Balance of Cultures: Catherine Mwitta in Conversation with Xaiver Campbell

Xaiver Campbell

Xaiver Campbell, whose story "Unda di Naseberry Tree" appears in The Malahat Review's summer issue #211, discusses building a narrative off of a short moment in time, incorporating more Patois, and the intersections of Judaism, Christianity, and sexuality in his Q&A with Malahat Review volunteer Catherine Mwitta. Read an excerpt of "Unda di Naseberry Tree."


Though Xaiver Michael Campbell was born and raised on the tropical island of Jamaica, Xaiver has considered Newfoundland and Labrador home for over a decade. Though both islands are quite different, Xaiver feels that living in Jamaica very much prepared him for life on the Rock — the people are equally warm and friendly. Xaiver reflects this love of his past and present life in his writing. When not writing, acting, singing or baking, Xaiver loves the outdoors and can be seen swimming in all the ponds in summer, camping in the woods and hiking the east coast trail. While Xaiver is new to writing, a short story of his, "Unda di Naseberry Tree," will be published in an upcoming anthology, title pending. He is currently enjoying writing stories and looks forward to where his stories will take him.

How was the process of conceptualizing “Unda di Naseberry Tree”? Though it’s fiction, does it have any personal connections that were important for you to include?

The story came about as a result of an assignment posed to my writing class by our instructor. We were told to think of a short moment in time punctuated by a longer stretch of time. And of course the moments needed to be connected in some way. And yes, it is totally fiction, but it was very crucial that the sense of yearning that Jermaine felt for Comoe be juxtaposed with basically everything else in his life, especially with his Mommy, and be felt in the story. Somewhere inside, Jermaine knew what he felt for Comoe was natural to feel, but only he thought that, so the constant fear/worrying felt real.

The story follows Jermaine over one summer during his childhood in Jamaica when he questions and subsequently discovers himself, despite prejudice against homosexuality. It’s told from the point of view of Jermaine as an adult, now living with his partner in Newfoundland. Use of both Patois and English also displays a melding of his upbringing and the man he’s become. How did you go about balancing languages and places and cultures within your story?

The version of the story now is so different from the version I first presented. Initially there was a lot less Patois. I was worried that no one would understand what the story was getting across because readers would get stuck on the fact that they don’t understand the dialect. Both white and non-white people shared this concern with me. However, as I edited the story it was clear to me that Jermaine needed to tell his story in the way he spoke as a child, even though it was from his perspective as an adult. Jermaine’s normal adult life is basically the polar opposite to what would be considered a normal life in Jamaica, therefore it made sense that he would depart from the dialect in his adult communications. Especially if those conversations are totally removed from any Jamaican context. It’s also often seen in Jamaican culture that people speak the dialect more as children and are pushed to speak “properly” in high school and beyond. The balance of cultures in the story comes from the fact that the life I have built in Newfoundland is a mixture of my upbringing in Jamaica and the different facets of Newfoundland I have internalized.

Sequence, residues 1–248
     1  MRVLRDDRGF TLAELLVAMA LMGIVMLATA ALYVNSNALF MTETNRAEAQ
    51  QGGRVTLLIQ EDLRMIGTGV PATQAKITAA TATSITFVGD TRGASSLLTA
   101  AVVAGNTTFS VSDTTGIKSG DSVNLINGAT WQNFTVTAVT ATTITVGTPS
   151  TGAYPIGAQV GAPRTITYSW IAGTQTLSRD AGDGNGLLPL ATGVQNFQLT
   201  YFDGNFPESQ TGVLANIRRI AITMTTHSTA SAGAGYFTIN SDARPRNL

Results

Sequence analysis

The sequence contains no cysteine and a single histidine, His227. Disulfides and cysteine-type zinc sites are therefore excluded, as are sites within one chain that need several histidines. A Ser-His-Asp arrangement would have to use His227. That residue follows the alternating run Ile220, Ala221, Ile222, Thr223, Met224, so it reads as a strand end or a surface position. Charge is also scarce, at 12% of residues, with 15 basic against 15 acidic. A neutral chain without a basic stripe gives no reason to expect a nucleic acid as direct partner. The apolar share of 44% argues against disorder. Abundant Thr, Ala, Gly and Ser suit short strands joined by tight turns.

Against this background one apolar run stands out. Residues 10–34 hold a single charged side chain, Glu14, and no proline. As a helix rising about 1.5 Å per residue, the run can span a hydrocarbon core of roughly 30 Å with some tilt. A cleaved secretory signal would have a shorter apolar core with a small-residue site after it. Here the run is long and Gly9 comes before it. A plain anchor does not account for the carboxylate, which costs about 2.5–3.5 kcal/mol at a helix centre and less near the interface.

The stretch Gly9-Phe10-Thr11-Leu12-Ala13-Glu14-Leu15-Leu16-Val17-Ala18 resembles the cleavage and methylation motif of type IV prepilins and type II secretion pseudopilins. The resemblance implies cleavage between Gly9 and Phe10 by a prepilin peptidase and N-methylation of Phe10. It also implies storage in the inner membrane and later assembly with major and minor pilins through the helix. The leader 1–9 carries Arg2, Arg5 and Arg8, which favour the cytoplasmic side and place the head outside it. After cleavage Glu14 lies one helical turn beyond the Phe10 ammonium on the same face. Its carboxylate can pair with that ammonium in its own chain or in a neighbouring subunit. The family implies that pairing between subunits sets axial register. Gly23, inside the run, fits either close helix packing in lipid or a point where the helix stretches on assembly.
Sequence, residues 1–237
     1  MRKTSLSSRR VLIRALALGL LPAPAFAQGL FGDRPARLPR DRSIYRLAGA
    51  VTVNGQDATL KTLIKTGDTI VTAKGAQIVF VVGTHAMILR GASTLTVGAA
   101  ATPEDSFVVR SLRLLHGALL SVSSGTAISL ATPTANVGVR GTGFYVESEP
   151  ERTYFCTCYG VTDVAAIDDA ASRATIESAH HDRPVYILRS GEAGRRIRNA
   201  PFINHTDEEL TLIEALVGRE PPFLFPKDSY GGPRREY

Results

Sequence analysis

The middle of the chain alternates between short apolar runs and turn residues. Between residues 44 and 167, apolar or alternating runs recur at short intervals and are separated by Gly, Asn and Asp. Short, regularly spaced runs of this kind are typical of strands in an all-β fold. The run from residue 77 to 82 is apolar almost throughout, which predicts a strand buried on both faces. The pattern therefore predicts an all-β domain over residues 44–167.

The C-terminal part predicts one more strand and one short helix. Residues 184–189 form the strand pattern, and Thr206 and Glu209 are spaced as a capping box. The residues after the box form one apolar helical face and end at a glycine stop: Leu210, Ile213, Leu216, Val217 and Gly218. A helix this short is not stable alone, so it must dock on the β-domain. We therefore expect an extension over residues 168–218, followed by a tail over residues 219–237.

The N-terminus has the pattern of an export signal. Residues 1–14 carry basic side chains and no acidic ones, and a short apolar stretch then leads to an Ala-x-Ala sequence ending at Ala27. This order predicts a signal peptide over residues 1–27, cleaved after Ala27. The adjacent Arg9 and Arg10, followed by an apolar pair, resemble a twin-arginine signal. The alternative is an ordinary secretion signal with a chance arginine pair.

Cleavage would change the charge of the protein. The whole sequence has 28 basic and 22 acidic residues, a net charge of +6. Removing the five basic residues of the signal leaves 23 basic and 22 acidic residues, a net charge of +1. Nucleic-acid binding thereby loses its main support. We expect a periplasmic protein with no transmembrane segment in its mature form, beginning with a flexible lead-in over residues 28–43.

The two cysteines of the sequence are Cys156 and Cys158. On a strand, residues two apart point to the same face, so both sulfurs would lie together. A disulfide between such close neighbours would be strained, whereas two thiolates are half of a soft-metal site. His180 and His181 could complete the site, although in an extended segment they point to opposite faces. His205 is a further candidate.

Religion and belonging are themes that run throughout this story, and we see that they’re also important to Jermaine. There is a transition from him saying, “People would kill me if dem know mi a battyman ca a suh it guh inna di Bible, Sodom an’ Gomorrah,” to telling his mother, “This is His plan for me.” Do themes of Christianity and queerness show up in your other work as well? Do you have any upcoming projects you’re working on now?

It’s funny to me that I write about religion, let alone the fact that other people notice it as much. It’s also funny that you mention Christianity because I am a practicing Jew, but my early life and pre-teen years in Jamaica were heavily influenced by Christianity. My work does tend to focus on the intersections of Judaism, Christianity, and sexuality. I have a short story titled “Prayer” coming out in 2021 in an anthology, Us, Now. I am also working on a short play about the epic snowstorm that rocked Newfoundland in Winter 2020; as well as a radio play about Covid-19.

Jermaine describes himself as a “battyman” when dealing with his first love as a boy in Jamaica, but eventually we see him living a comfortable life with his partner. Are there any books or works that inspired you for this piece on self-acceptance and exploring sexuality?

It took a lot of spiritual searching; reading the Torah and talking to God to fully come to terms with accepting myself, and furthermore, accepting that there is a world that my spirituality and sexuality coud live harmoniously. I am also really lucky to grow up seeing gay and lesbian representation on tv, whether a stereotypical flamboyant gay guy or otherwise. These shows were the moments I felt seen, found hope for adult life. As a teenager in the aughts, watching the kids on Degrassi also navigate sexuality and angst and depression and date rape made me want to tell stories that someone can relate to.


Catherine Mwitta

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